System design is an NP-complete problem

William L. Chapman, Jerzy W Rozenblit, A. Terry Bahill

Research output: Contribution to journalArticle

24 Citations (Scopus)

Abstract

The system design process translates the customers' needs into a buildable system design. It requires selecting subsystems from an allowable set and matching the interfaces between them. Designs that meet the top-level input and output requirements are tested to see how well they meet the system's performance and cost goals. This paper proves that the System Design Problem is NP-complete by reduction from the Knapsack Problem, which is known to be NP-complete. The implication of this proof is that designing optimal systems with deterministic, polynomial time procedures is not possible. This is the primary reason why engineers do not try to produce optimal systems: They merely produce designs that are good enough.

Original languageEnglish (US)
Pages (from-to)222-229
Number of pages8
JournalSystems Engineering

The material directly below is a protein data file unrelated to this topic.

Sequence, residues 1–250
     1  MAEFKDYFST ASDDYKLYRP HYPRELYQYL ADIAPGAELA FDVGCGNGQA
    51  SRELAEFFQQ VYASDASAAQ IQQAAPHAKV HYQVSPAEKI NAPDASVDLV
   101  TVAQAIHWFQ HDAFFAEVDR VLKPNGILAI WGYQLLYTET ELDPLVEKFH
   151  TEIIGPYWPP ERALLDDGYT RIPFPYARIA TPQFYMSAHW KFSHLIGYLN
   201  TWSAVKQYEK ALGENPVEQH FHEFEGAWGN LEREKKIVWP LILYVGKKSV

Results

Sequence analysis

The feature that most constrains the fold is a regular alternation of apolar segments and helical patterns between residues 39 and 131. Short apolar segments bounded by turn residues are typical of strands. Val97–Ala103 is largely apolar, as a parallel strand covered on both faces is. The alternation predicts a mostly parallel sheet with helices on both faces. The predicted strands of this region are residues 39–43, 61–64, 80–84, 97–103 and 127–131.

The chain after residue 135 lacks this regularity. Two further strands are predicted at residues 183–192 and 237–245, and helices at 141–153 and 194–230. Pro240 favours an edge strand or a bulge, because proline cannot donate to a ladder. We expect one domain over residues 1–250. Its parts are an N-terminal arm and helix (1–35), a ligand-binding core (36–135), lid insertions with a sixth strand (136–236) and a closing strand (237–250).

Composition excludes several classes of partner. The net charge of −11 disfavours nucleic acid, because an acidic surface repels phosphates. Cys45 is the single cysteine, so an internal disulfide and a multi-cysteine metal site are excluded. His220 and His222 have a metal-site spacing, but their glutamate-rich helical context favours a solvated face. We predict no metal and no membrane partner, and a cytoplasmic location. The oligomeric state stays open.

Volume4
Issue number3
StatePublished - 2001

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Computational complexity
Optimal systems
Systems analysis
Polynomials
Engineers
Costs

ASJC Scopus subject areas

  • Control and Systems Engineering

Cite this

Chapman, W. L., Rozenblit, J. W., & Bahill, A. T. (2001). System design is an NP-complete problem. Systems Engineering, 4(3), 222-229.

System design is an NP-complete problem. / Chapman, William L.; Rozenblit, Jerzy W; Bahill, A. Terry.

In: Systems Engineering, Vol. 4, No. 3, 2001, p. 222-229.

Research output: Contribution to journalArticle

Chapman, WL, Rozenblit, JW & Bahill, AT 2001, 'System design is an NP-complete problem', Systems Engineering, vol. 4, no. 3, pp. 222-229.
Chapman, William L. ; Rozenblit, Jerzy W ; Bahill, A. Terry. / System design is an NP-complete problem. In: Systems Engineering. 2001 ; Vol. 4, No. 3. pp. 222-229.
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